very important to me, personally. I invested a lot of time in fighting 
the problem of drugs when I was a Governor. We have worked hard to get 
more investment to fight drugs in every area in which we fight it here, 
since I've been President. And we see disturbing signs that in parts of 
our population, among young people, drug use is going up again, more 
casual drug use, young people thinking, after a decade of it going down, 
that somehow it's maybe not dangerous anymore, forgetting that it's 
illegal. And a lot of our schools are still not safe because of the root 
problems of drugs and violence. Now this money gives schools the ability 
to hire police officers, to put up metal detectors, but also to have 
drug education programs, the programs like the D.A.R.E. program that so 
many of you have had in your schools and others that try and help these 
kids stay off drugs. I think it would be a mistake to cut this money 
    Let me remind you that this money got into the crime bill, which you 
worked so hard for, because I gave the Congress, for the first time, a 
plan to cut the size of the Federal Government by 270,000. So we didn't 
raise any taxes. We didn't take any money away from anybody. We shrunk 
the Government and gave the money to the communities of this country to 
fight crime, including the safe and drug-free schools money. We should 
not eliminate that. We should fight for it, not fight to cut it out.
    As we are trying, you and I, to make responsibility a way of life in 
this country again, to teach young people the value of work, I think 
that all of us are going to have to say, first of all, without regard to 
our party, we agree with that.
    Now that brings me to one other point I want to make beyond 
education. When I was a child, my mother used to say, ``Idle hands are 
the devil's workshop.'' You're going to have a whole lot more idle hands 
this summer if we cut out those 600,000 summer jobs for our young 
people. And is it worth it to deny 1,000 young people in Louisville or 
1,600 young people in Boston--I met with a young--the Mayor's Youth 
Council up there not very long ago, 2,000 in the San Jose area. Is it 
worth it to deny them the chance to work, to be around responsible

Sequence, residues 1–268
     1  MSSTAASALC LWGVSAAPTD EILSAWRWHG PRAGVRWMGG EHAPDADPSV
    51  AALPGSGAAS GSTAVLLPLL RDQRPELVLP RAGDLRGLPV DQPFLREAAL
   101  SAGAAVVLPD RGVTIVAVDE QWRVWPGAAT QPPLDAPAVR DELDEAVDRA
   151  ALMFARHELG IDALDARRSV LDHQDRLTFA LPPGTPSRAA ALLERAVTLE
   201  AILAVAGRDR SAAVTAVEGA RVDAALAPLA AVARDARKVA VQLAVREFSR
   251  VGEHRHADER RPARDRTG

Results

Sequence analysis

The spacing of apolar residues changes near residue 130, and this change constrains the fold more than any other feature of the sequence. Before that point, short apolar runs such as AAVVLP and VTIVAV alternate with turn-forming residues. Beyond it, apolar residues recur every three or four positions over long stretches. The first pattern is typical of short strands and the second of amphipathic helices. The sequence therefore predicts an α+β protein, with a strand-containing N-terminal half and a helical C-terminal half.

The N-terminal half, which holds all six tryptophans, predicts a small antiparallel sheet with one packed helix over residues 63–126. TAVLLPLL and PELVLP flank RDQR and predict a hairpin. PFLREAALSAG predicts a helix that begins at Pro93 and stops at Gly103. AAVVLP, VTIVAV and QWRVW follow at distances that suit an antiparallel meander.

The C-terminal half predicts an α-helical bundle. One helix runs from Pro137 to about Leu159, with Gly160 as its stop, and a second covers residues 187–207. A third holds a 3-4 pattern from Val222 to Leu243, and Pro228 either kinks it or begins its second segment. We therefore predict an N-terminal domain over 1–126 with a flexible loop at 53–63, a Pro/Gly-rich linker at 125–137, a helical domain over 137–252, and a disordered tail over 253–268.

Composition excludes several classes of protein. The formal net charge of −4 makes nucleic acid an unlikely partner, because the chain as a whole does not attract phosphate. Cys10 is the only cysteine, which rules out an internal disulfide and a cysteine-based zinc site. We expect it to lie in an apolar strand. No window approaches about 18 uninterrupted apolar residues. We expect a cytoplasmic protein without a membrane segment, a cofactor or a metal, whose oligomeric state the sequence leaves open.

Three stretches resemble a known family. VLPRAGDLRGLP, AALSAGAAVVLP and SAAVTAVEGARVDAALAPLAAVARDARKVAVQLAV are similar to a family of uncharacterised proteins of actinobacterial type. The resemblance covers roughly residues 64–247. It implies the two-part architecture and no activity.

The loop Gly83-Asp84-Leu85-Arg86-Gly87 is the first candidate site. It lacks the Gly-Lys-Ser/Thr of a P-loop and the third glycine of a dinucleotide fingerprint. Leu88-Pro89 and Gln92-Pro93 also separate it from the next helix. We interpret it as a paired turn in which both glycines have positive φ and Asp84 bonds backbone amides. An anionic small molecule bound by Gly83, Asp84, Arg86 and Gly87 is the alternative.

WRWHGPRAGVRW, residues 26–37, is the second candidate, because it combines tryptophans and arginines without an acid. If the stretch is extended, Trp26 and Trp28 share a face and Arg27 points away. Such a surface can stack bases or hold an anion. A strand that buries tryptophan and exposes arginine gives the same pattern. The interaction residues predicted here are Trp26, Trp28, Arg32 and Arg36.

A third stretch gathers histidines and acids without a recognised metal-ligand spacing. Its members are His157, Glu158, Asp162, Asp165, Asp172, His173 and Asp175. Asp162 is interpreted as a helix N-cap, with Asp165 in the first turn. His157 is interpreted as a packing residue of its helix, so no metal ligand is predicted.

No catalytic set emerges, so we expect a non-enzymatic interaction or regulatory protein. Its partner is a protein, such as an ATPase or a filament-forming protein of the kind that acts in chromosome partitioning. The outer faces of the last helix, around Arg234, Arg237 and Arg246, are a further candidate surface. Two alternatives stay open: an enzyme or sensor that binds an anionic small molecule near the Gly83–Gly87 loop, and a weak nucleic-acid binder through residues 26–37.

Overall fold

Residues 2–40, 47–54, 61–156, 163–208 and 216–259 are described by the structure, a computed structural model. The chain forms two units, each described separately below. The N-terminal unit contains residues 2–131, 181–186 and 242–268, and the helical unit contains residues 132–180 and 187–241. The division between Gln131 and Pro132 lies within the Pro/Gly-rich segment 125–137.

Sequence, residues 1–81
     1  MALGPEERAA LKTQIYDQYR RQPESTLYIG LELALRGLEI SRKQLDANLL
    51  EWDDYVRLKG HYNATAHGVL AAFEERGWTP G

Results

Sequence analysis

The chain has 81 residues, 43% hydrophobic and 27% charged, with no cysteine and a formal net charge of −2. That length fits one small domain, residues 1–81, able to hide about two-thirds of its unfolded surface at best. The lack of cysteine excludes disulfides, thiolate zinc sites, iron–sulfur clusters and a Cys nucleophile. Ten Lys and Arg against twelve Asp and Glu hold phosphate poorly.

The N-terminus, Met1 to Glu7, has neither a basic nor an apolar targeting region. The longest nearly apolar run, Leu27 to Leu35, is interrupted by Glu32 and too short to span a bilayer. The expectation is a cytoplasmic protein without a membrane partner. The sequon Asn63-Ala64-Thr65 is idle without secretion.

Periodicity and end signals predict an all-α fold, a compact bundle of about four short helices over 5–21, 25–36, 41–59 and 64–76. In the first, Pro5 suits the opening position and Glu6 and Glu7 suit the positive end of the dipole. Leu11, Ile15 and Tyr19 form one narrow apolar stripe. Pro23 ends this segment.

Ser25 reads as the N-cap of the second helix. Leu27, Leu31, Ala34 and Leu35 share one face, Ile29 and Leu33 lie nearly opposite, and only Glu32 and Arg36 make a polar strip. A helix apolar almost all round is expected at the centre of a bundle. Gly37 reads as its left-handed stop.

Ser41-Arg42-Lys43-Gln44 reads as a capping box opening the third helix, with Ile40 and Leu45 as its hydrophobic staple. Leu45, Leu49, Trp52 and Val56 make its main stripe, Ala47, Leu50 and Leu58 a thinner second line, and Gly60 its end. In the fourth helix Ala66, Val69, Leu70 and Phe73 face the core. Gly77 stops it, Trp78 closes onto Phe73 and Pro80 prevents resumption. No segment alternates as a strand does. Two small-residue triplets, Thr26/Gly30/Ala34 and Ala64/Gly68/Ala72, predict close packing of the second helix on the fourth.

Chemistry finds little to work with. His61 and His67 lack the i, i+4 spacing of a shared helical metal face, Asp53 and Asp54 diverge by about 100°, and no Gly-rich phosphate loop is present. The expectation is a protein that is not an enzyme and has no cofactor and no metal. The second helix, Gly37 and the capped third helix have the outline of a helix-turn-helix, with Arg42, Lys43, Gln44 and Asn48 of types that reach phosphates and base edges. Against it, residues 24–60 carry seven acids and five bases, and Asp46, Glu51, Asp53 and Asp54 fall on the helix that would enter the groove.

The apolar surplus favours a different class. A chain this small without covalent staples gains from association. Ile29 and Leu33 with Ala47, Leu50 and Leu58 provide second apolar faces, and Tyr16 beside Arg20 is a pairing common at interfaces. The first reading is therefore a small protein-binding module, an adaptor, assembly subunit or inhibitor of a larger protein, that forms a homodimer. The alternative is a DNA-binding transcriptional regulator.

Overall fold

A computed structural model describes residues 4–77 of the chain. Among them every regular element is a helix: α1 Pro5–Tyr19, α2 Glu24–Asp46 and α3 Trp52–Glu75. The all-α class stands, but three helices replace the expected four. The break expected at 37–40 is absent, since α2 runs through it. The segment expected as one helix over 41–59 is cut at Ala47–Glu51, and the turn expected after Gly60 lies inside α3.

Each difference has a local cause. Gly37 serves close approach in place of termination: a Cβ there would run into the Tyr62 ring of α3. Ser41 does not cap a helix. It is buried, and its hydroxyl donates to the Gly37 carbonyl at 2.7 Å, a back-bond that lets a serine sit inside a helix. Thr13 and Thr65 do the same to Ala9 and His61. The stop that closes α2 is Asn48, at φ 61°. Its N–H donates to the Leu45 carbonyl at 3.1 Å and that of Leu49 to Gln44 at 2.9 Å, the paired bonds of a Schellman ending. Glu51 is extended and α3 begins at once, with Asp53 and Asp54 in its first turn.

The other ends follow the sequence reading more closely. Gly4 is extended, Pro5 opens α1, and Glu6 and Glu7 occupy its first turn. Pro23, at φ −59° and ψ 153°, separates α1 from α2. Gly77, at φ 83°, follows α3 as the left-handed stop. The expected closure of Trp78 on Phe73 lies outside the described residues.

adults, to learn what it's like to sort of show up on time, put a day's 
work in, how you relate to other people at work? I mean, this goes way 
beyond the little amount of money you get out of this.
    Now, I have proposed, I will say again, to consolidate 60 programs 
and eliminate 4,000 bureaucrats to save money in the Housing and Urban 
Development Department, for example. I have proposed to do a lot of 
things like that.
    I told you about the Agriculture Department. We're coming with more. 
Hold on; every week, there will be more. I am not here to defend the way 
Government has operated in the past in Washington. But we have to make 
judgments here. We get hired to make judgments and the right decisions 
and not to throw out the baby with the bath water.
    Take the HUD Department, for example, I'm all for--I'm consolidating 
60 programs. We're getting rid of 4,000 people. We're phasing the 
Department down. But I don't believe in the proposed cut to housing 
assistance that helps 63,000 families--women with small children, low-
income senior citizens.
    What we ought to do is to look at the right kind of cuts. This whole 
rescission package does some interesting things. We're supposed to be 
passing responsibility back to you, but not undermining your ability to 
do your job. I think it's smarter to streamline programs and cut bu-

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reaucrats than to put families on the street or to leave you to deal 
with the problem.
    Many of the people willing to pass you the buck are talking about 
ending unfair burdens on local government. I do want to say this: I 
think--and the Speaker probably said this earlier today--it looks like